Who doesn’t like a moist, juicy burger cooked to perfection?
The first menu item called a Hamburg steak appeared at Delmonico’s Restaurant in New York in 1837. Then you could cook it at home with a recipe from Mrs. Lincoln’s Boston Cook Book in 1884. The Hamburger went Viral in 1921 in Wichita Kansas when White Castle started selling the fresh 5 cent hamburger.
Today you can buy gourmet burgers, sliders, and even frozen burgers.
What makes a great hamburger?
Would you believe it is the fat? Right. The fat content of your burger will determine the flavor, juiciness, and texture. In general terms, extra lean beef will have no more than 10 percent fat. Lean Ground Beef is not more than 17% fat. Medium Ground 23% fat And Regular ground beef no more that 30% fat. All those numbers can seem confusing, but for the perfect burger we want a Medium Ground beef at no more than 23% fat. An 80 20 mix is ideal, but we are not shopping for custom cuts. Don’t worry about the fat content, most of it will be “melting out of our burger”, but when it does, it leaves behind the great flavor we are looking for.
- About 1 ½ Pound of Fresh Medium Ground Beef.
- Salt and Pepper
- 1 pair of disposable gloves.
- Fresh Hamburger buns
- One stove top Grill or frying Pan
- 1 tomato
- 1 head of Romaine Lettuce
- Divide all of the ground beef, and form into 6 oz balls.
- Using the palm of your hand or a spatula, press down on the balls until your patty is about 1 “thick. Then make an indentation in the middle of the patty to prevent it from shrinking too much. You don’t want a hole, but rather an indentation that is about ¼ inch deep.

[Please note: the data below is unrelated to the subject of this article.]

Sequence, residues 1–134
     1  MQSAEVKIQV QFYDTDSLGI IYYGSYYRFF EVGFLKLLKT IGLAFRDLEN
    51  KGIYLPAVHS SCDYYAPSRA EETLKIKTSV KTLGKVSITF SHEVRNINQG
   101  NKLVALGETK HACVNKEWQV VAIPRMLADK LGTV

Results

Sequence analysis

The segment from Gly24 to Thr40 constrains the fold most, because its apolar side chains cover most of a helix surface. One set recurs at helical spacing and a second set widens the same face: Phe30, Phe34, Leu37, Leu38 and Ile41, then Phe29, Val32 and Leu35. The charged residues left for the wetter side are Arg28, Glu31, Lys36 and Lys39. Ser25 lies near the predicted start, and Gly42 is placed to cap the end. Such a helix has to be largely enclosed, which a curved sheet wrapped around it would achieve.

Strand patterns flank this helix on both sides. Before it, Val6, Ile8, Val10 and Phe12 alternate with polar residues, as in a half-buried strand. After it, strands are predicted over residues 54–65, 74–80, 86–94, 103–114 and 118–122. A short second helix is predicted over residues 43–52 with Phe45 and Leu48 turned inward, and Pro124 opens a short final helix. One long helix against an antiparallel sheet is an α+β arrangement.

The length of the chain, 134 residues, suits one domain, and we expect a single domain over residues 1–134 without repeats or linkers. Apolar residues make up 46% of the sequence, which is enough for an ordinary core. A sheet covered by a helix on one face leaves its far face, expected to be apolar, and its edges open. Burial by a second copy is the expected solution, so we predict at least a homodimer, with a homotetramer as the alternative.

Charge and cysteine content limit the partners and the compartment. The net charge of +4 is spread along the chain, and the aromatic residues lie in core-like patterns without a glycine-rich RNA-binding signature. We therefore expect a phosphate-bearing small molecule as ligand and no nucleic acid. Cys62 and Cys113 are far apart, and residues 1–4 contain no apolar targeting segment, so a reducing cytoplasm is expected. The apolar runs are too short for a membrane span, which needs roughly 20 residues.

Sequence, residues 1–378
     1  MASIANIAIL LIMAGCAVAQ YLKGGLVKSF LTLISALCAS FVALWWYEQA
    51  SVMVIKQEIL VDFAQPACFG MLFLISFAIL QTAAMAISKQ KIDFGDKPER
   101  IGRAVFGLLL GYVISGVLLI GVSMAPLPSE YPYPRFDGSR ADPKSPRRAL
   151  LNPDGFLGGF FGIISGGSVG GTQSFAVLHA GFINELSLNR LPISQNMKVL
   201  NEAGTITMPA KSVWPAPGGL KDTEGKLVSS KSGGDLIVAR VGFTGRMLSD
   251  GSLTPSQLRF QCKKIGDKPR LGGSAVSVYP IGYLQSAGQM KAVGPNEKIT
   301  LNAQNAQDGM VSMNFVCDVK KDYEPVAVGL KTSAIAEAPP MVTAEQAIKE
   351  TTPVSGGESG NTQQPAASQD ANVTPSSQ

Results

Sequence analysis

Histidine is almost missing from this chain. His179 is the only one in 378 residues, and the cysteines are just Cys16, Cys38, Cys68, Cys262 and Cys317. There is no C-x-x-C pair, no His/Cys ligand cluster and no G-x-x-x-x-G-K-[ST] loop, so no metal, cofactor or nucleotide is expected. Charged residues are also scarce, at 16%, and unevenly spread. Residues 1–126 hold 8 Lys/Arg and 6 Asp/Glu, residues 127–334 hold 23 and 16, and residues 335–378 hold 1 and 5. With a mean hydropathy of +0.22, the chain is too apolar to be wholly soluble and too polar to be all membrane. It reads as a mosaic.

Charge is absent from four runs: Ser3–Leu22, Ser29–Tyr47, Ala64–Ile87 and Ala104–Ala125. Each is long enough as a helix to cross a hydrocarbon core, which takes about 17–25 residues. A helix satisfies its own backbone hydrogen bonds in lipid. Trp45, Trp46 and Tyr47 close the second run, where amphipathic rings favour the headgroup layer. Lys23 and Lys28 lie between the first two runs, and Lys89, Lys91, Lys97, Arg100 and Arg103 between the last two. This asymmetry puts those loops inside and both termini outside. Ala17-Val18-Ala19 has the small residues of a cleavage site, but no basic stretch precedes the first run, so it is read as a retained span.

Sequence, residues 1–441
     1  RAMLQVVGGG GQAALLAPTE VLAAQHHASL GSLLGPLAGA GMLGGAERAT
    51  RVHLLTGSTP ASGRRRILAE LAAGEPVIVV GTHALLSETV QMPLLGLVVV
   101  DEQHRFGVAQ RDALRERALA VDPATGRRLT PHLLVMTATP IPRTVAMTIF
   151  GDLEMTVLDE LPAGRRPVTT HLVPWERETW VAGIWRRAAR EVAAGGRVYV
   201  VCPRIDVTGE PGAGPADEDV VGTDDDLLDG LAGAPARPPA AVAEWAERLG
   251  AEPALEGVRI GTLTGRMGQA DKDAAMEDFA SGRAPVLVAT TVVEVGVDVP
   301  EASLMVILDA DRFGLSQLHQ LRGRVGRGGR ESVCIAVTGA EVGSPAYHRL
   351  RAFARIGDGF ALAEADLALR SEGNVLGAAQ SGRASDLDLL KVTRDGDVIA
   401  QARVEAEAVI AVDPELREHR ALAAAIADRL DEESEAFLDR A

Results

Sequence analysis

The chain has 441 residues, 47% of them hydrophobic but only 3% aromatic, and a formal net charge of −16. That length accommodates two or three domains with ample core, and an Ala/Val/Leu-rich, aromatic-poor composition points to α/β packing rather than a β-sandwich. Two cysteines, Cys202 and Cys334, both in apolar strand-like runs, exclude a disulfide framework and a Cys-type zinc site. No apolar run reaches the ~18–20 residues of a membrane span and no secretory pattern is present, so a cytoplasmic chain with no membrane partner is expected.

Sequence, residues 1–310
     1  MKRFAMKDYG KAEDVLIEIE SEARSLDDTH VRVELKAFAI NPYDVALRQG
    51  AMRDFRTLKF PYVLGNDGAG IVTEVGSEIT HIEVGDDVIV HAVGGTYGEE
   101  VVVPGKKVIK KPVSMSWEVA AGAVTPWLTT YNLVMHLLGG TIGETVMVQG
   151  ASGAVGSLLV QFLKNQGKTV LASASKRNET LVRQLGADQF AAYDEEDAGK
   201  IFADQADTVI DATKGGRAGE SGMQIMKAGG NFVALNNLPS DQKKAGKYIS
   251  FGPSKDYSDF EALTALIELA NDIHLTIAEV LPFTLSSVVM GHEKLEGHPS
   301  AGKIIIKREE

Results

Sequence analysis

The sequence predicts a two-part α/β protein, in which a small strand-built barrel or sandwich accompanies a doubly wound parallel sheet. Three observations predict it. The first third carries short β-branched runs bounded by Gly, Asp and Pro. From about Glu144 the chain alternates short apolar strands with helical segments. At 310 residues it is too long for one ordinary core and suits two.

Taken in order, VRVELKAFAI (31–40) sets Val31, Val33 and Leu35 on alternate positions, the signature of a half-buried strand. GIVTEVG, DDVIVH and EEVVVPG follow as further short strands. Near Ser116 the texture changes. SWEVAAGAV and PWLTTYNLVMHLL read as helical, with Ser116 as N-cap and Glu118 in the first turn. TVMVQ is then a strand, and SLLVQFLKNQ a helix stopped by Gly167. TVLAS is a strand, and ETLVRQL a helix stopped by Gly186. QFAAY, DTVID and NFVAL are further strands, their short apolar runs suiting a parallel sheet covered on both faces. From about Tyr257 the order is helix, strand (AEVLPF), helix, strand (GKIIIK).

- You’ll only want to flip these burgers once so watch the sides and after about 3 minutes you should start to see how far they have cooked.
- minutes’ on each side is about the length of time you want the burger to cook for a nice medium rare, if you like medium, then another minute per side.
- Flip the burger for the final cook time.
Assembly of the Perfect Burger
Put the burger on the bun, then add the lettuce and tomato. I like to put lettuce on bottom and top, to keep burger from making bun soggy. Remember this is a JUICY Burger.
Add the condiments on the side and serve. One question I receive a lot is about the condiments and why they are not put on the burger prior to serving? Well the answer is simple, you don’t want the cold ketchup or mustard to cool down the burger before you’re ready to eat it.